Kenya’s ability to feed itself continued to be tested last year with the challenges expected to spill over into 2019 as smooth flow of fertiliser in the market becomes critical in the February/March planting season.
Importers represented by Fertiliser Association of Kenya chairman Eustace Muriuki and Kenya Flower Council (KFC) chief executive Clement Tulezi said most individual and corporate farming enterprises will be forced to scale down operations as the input becomes scarcer by the day.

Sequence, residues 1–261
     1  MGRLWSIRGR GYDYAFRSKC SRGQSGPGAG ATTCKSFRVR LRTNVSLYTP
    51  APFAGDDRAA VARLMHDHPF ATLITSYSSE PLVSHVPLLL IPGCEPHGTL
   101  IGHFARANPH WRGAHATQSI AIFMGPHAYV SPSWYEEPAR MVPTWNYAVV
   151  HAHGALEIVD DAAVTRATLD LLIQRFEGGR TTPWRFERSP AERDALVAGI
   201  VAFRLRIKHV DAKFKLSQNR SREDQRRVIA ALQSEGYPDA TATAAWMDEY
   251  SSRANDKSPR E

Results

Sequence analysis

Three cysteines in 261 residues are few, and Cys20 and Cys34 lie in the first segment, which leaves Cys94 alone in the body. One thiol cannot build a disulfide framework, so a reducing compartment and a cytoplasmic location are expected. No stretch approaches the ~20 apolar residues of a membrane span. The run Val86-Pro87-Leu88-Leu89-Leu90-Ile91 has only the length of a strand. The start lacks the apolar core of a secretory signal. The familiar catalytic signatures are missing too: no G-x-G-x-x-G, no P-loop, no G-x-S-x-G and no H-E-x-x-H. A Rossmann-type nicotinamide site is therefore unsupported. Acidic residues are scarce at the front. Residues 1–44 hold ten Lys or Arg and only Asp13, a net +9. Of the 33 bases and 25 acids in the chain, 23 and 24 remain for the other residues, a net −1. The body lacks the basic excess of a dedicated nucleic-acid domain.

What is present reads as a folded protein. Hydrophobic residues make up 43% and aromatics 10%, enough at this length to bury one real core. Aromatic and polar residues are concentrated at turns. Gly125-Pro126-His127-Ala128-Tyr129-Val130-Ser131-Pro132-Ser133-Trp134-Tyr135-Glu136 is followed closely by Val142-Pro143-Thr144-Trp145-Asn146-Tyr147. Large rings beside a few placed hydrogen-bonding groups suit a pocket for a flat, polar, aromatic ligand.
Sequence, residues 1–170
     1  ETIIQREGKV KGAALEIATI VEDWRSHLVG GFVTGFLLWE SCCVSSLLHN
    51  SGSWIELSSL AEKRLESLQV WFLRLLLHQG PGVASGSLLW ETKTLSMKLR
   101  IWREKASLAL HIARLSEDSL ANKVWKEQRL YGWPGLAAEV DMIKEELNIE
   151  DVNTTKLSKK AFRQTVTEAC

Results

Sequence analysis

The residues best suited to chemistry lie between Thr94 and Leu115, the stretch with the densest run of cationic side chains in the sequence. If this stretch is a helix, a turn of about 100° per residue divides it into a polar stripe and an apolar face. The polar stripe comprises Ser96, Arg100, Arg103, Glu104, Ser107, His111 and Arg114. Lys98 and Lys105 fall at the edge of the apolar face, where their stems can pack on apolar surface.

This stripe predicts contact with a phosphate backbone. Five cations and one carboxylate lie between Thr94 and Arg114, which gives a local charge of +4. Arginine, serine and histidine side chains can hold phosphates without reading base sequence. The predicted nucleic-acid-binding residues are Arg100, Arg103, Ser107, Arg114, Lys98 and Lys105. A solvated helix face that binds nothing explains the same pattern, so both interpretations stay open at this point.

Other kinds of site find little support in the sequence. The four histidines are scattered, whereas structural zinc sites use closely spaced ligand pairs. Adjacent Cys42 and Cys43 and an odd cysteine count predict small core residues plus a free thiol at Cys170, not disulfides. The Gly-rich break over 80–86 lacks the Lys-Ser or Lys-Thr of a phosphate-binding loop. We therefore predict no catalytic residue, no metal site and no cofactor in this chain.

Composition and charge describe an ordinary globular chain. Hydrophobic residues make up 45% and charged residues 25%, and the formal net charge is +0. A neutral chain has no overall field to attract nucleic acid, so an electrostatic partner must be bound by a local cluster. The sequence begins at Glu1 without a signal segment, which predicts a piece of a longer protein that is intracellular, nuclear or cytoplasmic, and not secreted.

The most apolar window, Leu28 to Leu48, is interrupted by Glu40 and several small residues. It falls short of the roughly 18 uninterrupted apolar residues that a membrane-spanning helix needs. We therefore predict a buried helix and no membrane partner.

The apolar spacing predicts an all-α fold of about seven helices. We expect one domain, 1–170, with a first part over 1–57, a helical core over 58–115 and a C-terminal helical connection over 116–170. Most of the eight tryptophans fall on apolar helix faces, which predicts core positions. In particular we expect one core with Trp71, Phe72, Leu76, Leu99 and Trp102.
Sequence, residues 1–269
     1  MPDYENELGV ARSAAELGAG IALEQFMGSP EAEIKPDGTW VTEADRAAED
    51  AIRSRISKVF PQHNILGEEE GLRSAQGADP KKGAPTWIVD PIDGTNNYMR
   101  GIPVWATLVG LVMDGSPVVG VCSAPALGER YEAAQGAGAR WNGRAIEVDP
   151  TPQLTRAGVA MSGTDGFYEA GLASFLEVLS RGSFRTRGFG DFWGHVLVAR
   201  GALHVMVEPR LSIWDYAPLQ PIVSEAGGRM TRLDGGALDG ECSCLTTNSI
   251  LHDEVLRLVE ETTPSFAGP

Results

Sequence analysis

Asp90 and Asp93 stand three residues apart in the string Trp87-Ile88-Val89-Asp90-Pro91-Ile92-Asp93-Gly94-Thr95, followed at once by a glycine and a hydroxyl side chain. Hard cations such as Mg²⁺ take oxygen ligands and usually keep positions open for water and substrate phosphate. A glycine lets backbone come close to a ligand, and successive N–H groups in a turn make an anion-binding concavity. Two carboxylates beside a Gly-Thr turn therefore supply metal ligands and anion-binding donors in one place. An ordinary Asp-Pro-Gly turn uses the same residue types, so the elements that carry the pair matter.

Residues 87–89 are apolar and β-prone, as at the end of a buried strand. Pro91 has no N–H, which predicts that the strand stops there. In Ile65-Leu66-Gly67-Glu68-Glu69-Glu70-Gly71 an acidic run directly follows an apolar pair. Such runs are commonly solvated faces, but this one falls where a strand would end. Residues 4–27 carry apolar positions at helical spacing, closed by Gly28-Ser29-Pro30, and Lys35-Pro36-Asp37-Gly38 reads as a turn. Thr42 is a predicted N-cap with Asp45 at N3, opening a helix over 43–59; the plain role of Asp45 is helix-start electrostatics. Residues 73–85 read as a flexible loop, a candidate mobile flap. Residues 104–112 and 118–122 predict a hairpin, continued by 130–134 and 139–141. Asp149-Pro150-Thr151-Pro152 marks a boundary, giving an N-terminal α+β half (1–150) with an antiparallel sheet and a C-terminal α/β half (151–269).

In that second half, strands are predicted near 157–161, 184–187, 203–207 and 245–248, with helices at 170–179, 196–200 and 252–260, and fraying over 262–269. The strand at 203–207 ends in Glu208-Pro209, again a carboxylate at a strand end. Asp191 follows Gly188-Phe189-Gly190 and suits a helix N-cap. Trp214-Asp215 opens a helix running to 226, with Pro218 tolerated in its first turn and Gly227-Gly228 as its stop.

Mr Tulezi said the scenario had worsened risking jobs of about 300,000 workers at flower and horticultural farms whose mainstay is a ready flow of fertilisers.
“Flowers are grown under hydroponic conditions that often require mineral nutrients. Without fertiliser, there is no flower farming, no jobs, no exports and this means lost investments,” he said.